Providence found unfavorable for people with disabilities

Report calls Providence the worst out of 150 cities in the country in terms of cost of living, employment rate cost of in-home services and other factors

Contributing Writer
Thursday, October 16, 2014

A survey released this month by personal finance networking website WalletHub ranked Providence the worst in terms of livability for people with disabilities out of 150 U.S. cities.

The survey ranked cities in three categories, which were then compiled into an overall ranking. The economic environment measure took into account factors including cost of living, “employment rate among people with disabilities” and “cost of in-home services.”

The quality of life metric considered factors such as the percentage of people with disabilities living in the area, walkability and the concentration of special education teachers. Health care accessibility looked at factors including the number of physicians per capita, percentage of people without insurance and public hospital quality, according to the site. Providence placed 150th, 146th and 108th in each of these categories, respectively.

The survey notes that people with disabilities often have to take into account more variables than most people when deciding where to live, such as “the accessibility of various facilities, the quality of health care and even the cleanliness of the air.”

Sarah Skeels, teaching associate in behavioral and social sciences at the School of Public Health, credits the survey for “looking at things that matter.” One such valuable metric is the job market, she said, adding that employment is a national issue for people with disabilities. According to a June report by the Bureau of Labor Statistics, unemployment for those with disabilities was 13.1 percent in 2013, almost twice as high as the unemployment rate for those with no disabilities.

Skeels, who uses a wheelchair, said the experience of living in Providence is especially challenging for people with disabilities. She said planning of public spaces in Providence rarely considers “people with different mobility,” citing how curb cuts are sparsely distributed and, in winter, often covered with snow. The same is true of accessible parking spaces. While issues like these are not necessarily intentional, they are pervasive and inconsiderate, Skeels said. “Walk down Thayer. Walk down South Main,” she said, referring to the difficulties in accessibility across the city.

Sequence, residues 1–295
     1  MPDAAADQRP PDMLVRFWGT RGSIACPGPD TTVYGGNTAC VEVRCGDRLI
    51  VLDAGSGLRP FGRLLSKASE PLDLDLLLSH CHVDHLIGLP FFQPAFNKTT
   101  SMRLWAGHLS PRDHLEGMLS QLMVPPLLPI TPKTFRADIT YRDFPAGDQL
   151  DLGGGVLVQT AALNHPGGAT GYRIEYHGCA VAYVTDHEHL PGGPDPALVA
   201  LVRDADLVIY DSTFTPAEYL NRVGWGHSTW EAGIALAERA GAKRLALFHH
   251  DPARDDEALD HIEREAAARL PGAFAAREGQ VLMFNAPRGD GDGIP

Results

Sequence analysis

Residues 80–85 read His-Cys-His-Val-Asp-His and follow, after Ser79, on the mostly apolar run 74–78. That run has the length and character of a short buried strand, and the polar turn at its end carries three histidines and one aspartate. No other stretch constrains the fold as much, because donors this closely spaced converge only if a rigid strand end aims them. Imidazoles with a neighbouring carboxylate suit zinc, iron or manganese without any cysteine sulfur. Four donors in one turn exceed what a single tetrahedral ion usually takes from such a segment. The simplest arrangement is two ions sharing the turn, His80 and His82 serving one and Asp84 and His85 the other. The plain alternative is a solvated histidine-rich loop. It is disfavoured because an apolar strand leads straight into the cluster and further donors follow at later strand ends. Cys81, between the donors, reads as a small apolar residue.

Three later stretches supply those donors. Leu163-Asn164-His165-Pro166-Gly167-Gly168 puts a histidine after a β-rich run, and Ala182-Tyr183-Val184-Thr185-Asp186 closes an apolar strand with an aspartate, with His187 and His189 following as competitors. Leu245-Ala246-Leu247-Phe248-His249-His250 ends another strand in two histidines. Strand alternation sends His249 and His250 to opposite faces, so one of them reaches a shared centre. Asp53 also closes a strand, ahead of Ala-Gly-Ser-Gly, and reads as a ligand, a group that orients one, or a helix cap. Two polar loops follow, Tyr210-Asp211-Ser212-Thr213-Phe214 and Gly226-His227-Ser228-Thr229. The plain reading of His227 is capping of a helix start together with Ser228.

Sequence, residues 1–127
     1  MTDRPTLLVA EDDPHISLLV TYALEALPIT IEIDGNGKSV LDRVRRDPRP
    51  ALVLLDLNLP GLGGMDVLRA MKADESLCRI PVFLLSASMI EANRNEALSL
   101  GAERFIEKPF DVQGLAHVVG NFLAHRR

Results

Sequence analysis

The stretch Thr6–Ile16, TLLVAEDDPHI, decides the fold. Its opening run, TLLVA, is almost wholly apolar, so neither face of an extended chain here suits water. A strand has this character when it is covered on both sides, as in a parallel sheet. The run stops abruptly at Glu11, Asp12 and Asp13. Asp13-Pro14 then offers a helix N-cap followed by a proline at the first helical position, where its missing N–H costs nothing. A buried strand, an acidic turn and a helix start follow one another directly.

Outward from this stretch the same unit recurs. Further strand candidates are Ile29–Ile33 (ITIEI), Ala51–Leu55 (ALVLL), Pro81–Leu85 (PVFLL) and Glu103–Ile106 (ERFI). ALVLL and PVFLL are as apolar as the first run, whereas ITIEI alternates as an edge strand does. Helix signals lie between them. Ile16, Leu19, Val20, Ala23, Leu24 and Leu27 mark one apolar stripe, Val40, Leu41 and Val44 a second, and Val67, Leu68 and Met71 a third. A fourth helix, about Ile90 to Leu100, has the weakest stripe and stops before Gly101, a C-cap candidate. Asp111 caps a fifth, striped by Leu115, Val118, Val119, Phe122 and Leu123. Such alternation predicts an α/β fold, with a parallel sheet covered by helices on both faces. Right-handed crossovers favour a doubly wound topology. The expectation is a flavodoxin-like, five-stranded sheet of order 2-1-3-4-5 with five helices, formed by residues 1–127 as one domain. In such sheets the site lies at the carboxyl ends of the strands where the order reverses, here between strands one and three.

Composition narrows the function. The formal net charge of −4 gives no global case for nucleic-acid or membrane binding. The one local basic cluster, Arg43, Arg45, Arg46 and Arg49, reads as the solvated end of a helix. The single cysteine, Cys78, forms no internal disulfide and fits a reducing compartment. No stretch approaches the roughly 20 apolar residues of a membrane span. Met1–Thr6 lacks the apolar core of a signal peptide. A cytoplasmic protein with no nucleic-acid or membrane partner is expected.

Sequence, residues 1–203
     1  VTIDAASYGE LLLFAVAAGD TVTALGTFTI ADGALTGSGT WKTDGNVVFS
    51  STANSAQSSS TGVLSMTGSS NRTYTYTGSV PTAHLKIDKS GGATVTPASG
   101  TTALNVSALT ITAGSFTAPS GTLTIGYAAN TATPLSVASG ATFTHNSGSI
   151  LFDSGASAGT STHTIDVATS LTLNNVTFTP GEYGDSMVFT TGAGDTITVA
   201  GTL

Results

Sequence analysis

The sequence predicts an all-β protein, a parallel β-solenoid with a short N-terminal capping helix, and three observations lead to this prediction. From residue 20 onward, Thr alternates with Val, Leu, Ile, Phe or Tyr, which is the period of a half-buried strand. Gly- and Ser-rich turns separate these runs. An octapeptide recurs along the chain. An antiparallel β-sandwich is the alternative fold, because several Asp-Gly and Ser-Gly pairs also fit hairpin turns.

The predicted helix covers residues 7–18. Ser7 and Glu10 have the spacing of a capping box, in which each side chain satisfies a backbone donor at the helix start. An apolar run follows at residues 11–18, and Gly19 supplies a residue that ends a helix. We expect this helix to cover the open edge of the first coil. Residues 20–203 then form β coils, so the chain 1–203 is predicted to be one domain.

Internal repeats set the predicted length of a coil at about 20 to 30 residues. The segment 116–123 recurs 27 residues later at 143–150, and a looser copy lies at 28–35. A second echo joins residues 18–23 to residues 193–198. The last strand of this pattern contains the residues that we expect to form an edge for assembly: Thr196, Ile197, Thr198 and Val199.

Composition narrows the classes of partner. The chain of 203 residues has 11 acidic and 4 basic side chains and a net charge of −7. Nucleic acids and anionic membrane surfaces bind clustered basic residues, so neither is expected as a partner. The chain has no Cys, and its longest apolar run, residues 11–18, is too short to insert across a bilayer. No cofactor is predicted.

But it is not all bad news for Rhode Islanders with disabilities, Skeels said. The Warwick Beacon reported last month that a $200,000 federal grant was awarded to the Rhode Island Parent Information Network, a Cranston-based nonprofit providing resources for parents of children with special health and education needs.

WaterFire is an example of a program that takes steps to provide enjoyable experiences for spectators with disabilities, Skeels said. The event features accessibility information prominently on its website and makes water taxis available free of charge by email reservation.

There is a tendency among people with disabilities to seek out accommodating businesses and areas, Skeels said, adding that this is beneficial for the entire community.

“When communities are open to all kinds of people, it creates communities that include all kinds of people.” This results in a reduction in the “stigmatization of difference,” she said.

“I hope whoever becomes mayor wants to make Providence more friendly to people with disabilities,” she said. “If you build it, they will come.”

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